California strawberry losses from flooding in the hundreds of millions
Rick Tomlinson, President of the California Strawberry Commission has released a statement regarding the flooding occurring in the Pajaro community, and along the Salinas River.
Floods were caused by the atmospheric river storm which resulted in major flooding last week.
Experts have already announced that delayed plantings and lost crops due to the floodings lead to product shortages and higher market values throughout the season.
“This week’s flooding events along the Pajaro and Salinas Rivers have been devastating for those communities,” said Tomlinson.
“Preliminary assessments estimate hundreds of millions in losses and thousands of people displaced in the town of Pajaro. The entire California strawberry industry would like to thank the first responders, aid organizations, and volunteers who have helped begin the long recovery process.
“We are thankful that the Pajaro River levee breach is being repaired. Stopping the river from flowing into the community is the first priority. This is a good start toward a safer place to live, raise a family, and work,” added Tomlinson.
Strawberry crops were some of the most affected by the levee failure in the Salinas river on March 11, which flooded a big part of the Southern side of the valley.
“The foreseeable future will be challenging. Families will work to restore their homes, their jobs, and many other aspects of their lives,” said Tomlinson.“Farms face a massive cleanup. As soon as the cleanup is complete, farmers will begin the process of preparing the fields and starting over.”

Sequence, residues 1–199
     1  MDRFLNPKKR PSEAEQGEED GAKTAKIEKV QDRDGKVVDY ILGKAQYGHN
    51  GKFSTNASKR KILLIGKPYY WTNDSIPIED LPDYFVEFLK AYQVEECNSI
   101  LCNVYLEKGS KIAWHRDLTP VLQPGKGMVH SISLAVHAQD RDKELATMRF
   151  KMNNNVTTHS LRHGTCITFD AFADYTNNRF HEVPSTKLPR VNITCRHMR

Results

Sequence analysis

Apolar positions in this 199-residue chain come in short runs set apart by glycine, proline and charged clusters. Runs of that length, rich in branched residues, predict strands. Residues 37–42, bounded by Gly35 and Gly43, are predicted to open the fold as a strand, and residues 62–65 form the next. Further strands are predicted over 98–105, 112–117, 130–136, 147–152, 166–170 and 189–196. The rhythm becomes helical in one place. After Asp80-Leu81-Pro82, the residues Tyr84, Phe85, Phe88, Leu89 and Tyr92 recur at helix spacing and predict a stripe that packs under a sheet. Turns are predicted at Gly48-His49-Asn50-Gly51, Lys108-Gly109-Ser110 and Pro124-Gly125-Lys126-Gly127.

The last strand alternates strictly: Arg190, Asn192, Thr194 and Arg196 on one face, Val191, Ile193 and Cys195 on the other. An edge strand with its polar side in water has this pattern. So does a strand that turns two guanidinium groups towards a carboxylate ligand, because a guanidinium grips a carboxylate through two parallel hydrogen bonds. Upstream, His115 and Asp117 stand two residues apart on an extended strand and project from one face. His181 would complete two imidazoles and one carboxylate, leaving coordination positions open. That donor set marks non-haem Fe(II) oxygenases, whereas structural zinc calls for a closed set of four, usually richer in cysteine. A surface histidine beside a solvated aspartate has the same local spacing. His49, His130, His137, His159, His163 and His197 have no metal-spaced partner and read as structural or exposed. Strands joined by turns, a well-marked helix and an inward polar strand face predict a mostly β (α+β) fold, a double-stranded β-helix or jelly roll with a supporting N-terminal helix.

The California Data Exchange Center reported that between Oct.1, 2022, and March 15, 2023, cumulative precipitation reached 56 inches, which is 16 more than the yearly average of 40 inches between 1991 and 2020.
Tomlinson continued, “For the farms that were flooded, this catastrophe hit at the worst possible time. Farmers had borrowed money to prepare the fields and were weeks away from beginning to harvest. Disaster relief and emergency financial assistance will be critical for both the residential community and the farming operations.
“California strawberry operations, most of which are multi-generational and family-owned, will remain vital to the damaged areas during the recovery and well beyond.
“California’s 400 family strawberry operations create 70,000 jobs in the state and invest 97 cents of every dollar back into the community. That commitment will only grow as the damaged area recovers. Despite the challenges, there will be increased shipments of California strawberries from Oxnard and Santa Maria to stores across the country to keep up with high demand.
“Times are tough, but the town of Pajaro, the surrounding communities, and the strawberry farming families are more resilient than ever, and we will work together to recover,” concluded Rick Tomlinson.